Filmmakers march forward with plans to make Revolutionary War movie in N.C.
NORTH CAROLINA (Théoden Janes/Charlotte Observer) - The most noteworthy film credits he’s got to his name are producing and co-starring in a low-budget faith-based movie titled “Only God Can” and a small role as a character named John Rock in a practically-no-budget comedy titled “Cinema Purgatorio.”
She, meanwhile, is a Charlotte consultant who works with a few private equity firms and has no prior experience in the film industry.
Yet the startup filmmaking team of John Oliver (no, not the HBO talk show host; this John Oliver primarily makes his living as a voice actor) and Stacy Anderson says they are extremely close to beginning production on an ambitious new movie project that features a screenplay by a New York Times bestselling author and is set to be directed by an established Hollywood name.
And the thing they’re most excited about? “Revolutionary!” — which is the movie’s working title — has the Carolinas written all over it.
It’s to be set not far from Charlotte: Based on the Battle of Kings Mountain, the story centers on a ragtag band of militias backing the patriot cause that surprised and overwhelmed British-loyalist forces near the N.C.-S.C. line on Oct. 7, 1780, marking the first of a string of significant American victories that changed the course of the Revolutionary War in the South.
It’s been conceived by people with strong Carolina ties: Oliver is a University of South Carolina alum who lives in the tiny N.C. town of Tryon; Anderson graduated from Duke University and has lived in Charlotte for 28 years; Patrick A. Davis, the bestselling novelist who wrote the script, moved to Landrum, S.C. (about 90 miles due east of Charlotte) three years ago; and director Nick Searcy is a Cullowhee native, a product of UNC-Chapel Hill, and a former longtime resident of Wilmington, where he cut his teeth as an actor.
Plus, if all goes according to plan, it’s to be filmed almost entirely in North Carolina: They hope home base for the shoot will be a 50-acre private plot of land near Hickory that’s home to the largest collection of historic log structures in the U.S.
They say pre-production is done, that the basis for their financing is in place, and that they’re in the process of finalizing a deal with “a major distributor” (although they say they can’t reveal which one quite yet).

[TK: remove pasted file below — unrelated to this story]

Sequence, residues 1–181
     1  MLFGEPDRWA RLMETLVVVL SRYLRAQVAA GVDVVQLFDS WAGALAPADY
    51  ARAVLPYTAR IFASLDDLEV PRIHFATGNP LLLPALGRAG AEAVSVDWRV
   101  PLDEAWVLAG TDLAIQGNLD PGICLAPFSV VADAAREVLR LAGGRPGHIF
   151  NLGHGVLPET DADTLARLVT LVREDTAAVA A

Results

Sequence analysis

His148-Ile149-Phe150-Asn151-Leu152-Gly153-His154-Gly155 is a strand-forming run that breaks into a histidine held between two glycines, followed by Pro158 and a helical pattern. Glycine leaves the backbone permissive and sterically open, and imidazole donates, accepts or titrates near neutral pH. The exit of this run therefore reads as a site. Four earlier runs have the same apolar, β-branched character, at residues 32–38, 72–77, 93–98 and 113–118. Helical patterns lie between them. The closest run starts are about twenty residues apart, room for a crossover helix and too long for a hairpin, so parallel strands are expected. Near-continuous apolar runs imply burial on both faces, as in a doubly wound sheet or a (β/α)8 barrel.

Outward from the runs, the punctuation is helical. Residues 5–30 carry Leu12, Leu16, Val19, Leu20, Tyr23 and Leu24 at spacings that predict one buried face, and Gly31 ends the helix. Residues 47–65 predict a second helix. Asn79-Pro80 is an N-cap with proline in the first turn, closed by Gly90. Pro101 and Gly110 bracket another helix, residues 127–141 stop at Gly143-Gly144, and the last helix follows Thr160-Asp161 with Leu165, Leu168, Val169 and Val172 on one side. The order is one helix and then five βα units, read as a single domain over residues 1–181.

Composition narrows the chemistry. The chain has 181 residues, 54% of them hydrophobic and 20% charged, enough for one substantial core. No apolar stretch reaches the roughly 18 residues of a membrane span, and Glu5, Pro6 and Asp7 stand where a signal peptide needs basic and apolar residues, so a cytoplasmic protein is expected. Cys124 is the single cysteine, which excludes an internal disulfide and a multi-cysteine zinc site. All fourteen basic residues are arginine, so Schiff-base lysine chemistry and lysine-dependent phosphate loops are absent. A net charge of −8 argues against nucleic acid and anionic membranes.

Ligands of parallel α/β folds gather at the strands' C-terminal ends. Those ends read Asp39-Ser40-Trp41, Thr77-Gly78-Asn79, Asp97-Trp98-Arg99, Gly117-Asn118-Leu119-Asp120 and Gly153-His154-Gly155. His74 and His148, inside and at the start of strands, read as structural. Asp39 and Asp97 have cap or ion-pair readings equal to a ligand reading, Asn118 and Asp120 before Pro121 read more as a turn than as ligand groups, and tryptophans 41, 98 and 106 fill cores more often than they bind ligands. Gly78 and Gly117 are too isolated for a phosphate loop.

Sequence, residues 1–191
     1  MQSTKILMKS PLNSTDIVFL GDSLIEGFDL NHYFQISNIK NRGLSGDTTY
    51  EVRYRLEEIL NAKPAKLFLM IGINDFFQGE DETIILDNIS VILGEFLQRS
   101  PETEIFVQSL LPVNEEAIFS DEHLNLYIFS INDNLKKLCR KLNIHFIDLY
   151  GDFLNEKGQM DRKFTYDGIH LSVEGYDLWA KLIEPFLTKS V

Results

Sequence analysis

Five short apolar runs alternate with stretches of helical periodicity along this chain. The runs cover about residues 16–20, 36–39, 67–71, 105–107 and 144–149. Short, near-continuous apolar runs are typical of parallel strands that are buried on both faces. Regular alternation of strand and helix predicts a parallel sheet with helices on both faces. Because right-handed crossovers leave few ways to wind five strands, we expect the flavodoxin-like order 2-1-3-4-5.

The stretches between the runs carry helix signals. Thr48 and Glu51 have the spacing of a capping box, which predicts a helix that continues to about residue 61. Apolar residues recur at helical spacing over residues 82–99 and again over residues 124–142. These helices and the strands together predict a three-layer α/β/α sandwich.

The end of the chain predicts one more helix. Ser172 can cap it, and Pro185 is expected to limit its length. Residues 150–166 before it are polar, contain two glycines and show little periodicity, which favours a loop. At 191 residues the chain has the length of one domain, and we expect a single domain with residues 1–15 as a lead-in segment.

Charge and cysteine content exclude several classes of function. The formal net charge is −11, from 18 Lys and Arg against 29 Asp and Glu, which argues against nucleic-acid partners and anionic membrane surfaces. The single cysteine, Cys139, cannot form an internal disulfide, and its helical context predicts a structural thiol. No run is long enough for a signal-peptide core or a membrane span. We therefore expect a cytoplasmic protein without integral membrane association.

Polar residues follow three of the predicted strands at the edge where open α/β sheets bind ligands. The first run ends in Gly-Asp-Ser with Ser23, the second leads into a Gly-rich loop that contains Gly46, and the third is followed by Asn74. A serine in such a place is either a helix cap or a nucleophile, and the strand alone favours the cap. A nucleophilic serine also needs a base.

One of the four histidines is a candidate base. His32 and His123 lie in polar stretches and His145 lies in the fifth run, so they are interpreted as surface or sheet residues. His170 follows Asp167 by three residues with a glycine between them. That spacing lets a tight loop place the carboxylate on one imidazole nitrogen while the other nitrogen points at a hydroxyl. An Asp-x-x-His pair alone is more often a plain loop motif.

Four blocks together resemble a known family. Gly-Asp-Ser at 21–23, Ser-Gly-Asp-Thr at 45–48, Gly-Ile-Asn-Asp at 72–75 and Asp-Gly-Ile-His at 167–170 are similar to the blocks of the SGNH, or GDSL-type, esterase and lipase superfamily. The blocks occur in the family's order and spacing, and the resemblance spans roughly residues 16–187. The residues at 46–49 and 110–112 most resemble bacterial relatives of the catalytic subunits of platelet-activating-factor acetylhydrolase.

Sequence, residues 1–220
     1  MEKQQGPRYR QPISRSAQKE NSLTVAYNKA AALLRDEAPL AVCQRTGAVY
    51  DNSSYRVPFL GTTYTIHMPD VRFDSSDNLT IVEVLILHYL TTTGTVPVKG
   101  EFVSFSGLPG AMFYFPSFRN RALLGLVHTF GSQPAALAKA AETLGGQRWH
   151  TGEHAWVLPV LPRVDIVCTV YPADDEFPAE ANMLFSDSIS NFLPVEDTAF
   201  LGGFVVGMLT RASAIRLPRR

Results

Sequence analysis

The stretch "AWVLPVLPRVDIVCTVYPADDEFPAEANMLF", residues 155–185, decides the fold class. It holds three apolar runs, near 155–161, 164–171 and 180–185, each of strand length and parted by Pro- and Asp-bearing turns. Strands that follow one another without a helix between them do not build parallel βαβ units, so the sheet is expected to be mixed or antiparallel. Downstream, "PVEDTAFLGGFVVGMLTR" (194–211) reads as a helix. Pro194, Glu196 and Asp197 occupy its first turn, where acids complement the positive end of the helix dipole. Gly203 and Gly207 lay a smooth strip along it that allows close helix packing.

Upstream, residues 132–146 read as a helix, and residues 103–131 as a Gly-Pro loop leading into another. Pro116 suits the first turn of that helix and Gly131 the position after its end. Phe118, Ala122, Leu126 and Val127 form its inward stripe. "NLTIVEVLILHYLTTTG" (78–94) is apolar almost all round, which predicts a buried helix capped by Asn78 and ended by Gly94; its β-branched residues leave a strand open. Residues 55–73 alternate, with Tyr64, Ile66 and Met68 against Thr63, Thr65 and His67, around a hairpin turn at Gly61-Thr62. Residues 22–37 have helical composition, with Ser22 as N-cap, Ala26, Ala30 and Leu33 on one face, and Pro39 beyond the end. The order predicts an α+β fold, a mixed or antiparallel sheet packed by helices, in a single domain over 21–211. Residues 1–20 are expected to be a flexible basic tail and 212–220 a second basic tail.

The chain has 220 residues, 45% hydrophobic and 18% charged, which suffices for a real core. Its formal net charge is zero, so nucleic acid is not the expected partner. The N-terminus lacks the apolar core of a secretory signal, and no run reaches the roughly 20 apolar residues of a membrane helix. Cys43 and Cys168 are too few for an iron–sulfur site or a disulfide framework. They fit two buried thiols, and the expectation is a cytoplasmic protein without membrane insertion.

“Knowing the industry as I do,” Oliver says, “I hesitate to make any predictions. But this is as close to happening as you can possibly imagine.” If all goes according to plan, he and Anderson say, they will start shooting this winter.
The question is: Will all go according to plan?
THE OVERMOUNTAIN MEN
Oliver, who calls himself a “lifelong horrific history nerd,” will happily spend all day giving you the background behind the story that “Revolutionary!” hopes to tell.
“I have a swear jar that’s barely full,” he says, “but I also have a telling-people-about-history-who-didn’t-wanna-hear-it jar, and it is overflowing.”
In a nutshell, though: By September 1780, things were looking bleak for the patriot cause in the South. Charleston and Camden had fallen to the British, who had recruited scores of Southern loyalists to take up arms against their patriot neighbors. British Col. Patrick Ferguson, on orders from Gen. Charles Cornwallis, was set to keep the momentum going by marching through the backcountry and vanquish its non-loyalist inhabitants.
The British plan completely backfired. Refusing to be intimidated, hundreds of men living on the outskirts of the Carolinas, Virginia and what is now Tennessee banded together and hatched a plan to defeat Ferguson. On Oct. 7, they did just that, crushing the colonel and his loyalists in a battle at Kings Mountain. It was over in about an hour — and it changed everything.
As word spread of Ferguson’s defeat, patriot spirits soared, and inspired thousands more to join the fight for independence. Meanwhile, loyalists deserted the British army in masses. One year later, Cornwallis surrendered at Yorktown and the Americans effectively won the war.
Those backcountry rebels would come to be known as the Overmountain Men, and Oliver had been trying for years to talk filmmakers into celebrating them — theirs is what he calls “the greatest story never told” — on film.
“I begged famous executive producers and producers that I know well to do this, and they were always tied up with other projects, as one would expect,” he says. “And one of them, frankly, put his arm around me one day and said, ‘Look, if you want this to get done, you’re just gonna have to do it yourself.’”
HOW HE MUSTERED HIS TROOPS
It’s not every day that someone who is hot to make a historically accurate war movie just happens to randomly cross paths at a dog park with someone who used to make a living writing stories about the military. But that’s what happened in Landrum about three years ago, shortly after Patrick Davis and his wife had moved there.
Oliver and Davis parted ways that day without discussing Oliver’s dream or Davis’s former career.
“He did his homework, though, somehow,” recalls Davis, an Air Force veteran who flew U-2 spy plane missions during the first Gulf War, worked as an airline pilot after retiring from service, then became an author of military mysteries for powerhouse publishing company Simon & Schuster.
“The next thing I know, we end up linking up at the dog park again. And John goes, ‘I’ve got an idea for you.’ That’s what started it. ... I was kind of burnt out from writing; I’d given it up quite awhile ago. But he talked me into it. He just had this remarkable passion for the story.”
Shortly after that, Oliver tapped a team of National Park Service historians — led by John Slaughter, superintendent for the Southern Campaign of the American Revolution Parks Group — as consultants.